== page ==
Anyone who suggested to Irish director John Crowley that he would one day be directing Anton Chekhov would have been dubbed a liar. “I wouldn’t have said five years ago that I’d have interest in directing any Chekhov, really,” he says.
Then Andrew Upton, at the time the artistic director of Australia’s Sydney Theatre Company, emailed Crowley with a proposal: He was writing an adaptation of Chekhov’s first play Platonov, but set in the 1990s. And there would be punk music involved. Would Crowley direct?
“Andrew’s approach felt like a really interesting way to shine a different light on certain aspects that are in the original play,” says Crowley, “and to see what happens if one generation, which should step up and inherit the mantle of power, doesn’t.”
That idea became The Present, currently playing at the Ethel Barrymore Theatre with Tony nominee Crowley (The Pillowman) leading the critically acclaimed 2015 Sydney production’s original cast of 13—including stars Richard Roxburgh and Oscar winner Cate Blanchett. During a weekend at a Russian country estate, Anna Petrovna (Blanchett) celebrates her 40th birthday with a group of longtime friends while over many, many bottles of vodka, they reminisce about the past and examine the unsatisfying turns their lives have taken.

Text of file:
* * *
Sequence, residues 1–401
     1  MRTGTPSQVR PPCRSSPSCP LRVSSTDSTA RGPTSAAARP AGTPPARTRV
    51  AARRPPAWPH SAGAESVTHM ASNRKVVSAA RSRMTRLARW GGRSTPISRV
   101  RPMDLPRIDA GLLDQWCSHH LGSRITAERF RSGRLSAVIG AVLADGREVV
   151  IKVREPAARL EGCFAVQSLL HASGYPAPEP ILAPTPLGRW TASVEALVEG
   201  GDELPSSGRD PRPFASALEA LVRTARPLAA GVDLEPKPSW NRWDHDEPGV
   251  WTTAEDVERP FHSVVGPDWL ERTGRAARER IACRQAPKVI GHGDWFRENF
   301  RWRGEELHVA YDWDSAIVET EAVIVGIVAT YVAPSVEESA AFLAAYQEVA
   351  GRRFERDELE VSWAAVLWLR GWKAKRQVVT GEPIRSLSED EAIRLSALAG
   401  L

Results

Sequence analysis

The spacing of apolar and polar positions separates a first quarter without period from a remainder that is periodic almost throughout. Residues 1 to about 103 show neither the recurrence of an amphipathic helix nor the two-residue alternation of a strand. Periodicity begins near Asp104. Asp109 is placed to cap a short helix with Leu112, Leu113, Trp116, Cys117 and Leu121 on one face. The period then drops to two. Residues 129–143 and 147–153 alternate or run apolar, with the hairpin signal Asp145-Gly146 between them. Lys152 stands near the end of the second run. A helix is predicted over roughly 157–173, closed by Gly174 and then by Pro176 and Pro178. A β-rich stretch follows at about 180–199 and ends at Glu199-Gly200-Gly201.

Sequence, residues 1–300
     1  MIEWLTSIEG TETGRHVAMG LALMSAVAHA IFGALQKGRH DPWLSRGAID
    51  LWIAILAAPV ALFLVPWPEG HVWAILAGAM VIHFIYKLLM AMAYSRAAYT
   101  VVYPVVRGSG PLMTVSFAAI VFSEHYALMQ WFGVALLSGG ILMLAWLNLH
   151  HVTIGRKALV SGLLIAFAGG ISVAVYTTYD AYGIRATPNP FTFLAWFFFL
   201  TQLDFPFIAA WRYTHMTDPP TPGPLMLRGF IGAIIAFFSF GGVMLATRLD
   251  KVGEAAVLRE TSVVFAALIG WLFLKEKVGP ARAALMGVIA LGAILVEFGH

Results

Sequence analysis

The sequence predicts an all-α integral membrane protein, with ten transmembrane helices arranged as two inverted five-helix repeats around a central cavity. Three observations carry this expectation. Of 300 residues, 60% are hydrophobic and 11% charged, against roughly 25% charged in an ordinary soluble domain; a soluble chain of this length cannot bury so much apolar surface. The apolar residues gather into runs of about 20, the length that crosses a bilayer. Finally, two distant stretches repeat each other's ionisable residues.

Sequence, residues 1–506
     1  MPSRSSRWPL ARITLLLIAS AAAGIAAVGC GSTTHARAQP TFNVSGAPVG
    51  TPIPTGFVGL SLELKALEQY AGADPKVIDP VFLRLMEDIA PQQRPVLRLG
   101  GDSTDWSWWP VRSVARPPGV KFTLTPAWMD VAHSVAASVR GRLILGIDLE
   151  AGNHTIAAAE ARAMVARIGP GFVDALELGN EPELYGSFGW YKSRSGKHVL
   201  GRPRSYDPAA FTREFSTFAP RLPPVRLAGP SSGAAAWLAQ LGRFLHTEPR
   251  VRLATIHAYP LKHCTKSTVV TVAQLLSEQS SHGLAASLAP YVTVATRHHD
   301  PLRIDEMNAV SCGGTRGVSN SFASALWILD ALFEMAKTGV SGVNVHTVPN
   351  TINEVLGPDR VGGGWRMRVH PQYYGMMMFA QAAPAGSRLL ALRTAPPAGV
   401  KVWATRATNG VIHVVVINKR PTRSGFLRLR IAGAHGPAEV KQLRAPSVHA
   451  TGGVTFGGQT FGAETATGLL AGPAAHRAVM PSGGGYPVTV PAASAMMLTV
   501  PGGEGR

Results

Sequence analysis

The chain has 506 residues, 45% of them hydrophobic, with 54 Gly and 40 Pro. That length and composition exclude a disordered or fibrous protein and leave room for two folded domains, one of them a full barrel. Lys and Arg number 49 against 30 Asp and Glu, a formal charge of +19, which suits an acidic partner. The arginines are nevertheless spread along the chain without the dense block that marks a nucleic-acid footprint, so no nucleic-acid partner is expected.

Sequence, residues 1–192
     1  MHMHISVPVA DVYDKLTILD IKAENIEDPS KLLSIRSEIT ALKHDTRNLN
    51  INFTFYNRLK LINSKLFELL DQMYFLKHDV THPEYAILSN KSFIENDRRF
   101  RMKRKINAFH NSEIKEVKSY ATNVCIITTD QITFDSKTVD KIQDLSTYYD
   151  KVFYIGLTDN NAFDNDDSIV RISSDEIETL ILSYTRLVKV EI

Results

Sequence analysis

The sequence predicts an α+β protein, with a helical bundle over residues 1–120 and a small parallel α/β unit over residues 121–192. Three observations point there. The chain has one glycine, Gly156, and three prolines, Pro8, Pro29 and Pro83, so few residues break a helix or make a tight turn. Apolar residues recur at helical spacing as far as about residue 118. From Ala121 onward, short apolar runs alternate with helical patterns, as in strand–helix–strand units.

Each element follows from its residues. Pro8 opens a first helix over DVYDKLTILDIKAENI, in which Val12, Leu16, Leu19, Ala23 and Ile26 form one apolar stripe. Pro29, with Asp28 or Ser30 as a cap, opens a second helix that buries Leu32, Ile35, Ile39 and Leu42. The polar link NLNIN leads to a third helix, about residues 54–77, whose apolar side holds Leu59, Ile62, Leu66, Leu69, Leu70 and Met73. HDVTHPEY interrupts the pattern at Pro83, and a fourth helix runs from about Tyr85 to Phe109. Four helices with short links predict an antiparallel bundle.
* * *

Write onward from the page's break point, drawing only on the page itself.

Speaking over the phone during a lunch break on the first day of rehearsal, Crowley says the familiarity between the cast has only improved The Present. “It’s a whole different thing to revisit a play,” he says, “especially something like Chekhov that can take endless reexamination, which benefits from actors spending a lot of time playing it, and then going away from it, and then coming back to it. I think the depths of the relationship in the play take on a different dimension.”
And it’s funny, too. If that doesn’t sound very Chekhovian, think again. “I think that Chekhov is very funny and I don’t think he’s always allowed to be or given the freedom to be,” says Crowley. “Andrew would say he was releasing what was already in there.”
When asked how he made the usually regal Blanchett funny, Crowley maintains that it wasn’t difficult at all. “She’s a complete clown,” he exclaims. “If you ever wanted to see her dancing on a tabletop to some Euro-pop, you’re gonna have your dreams come true.”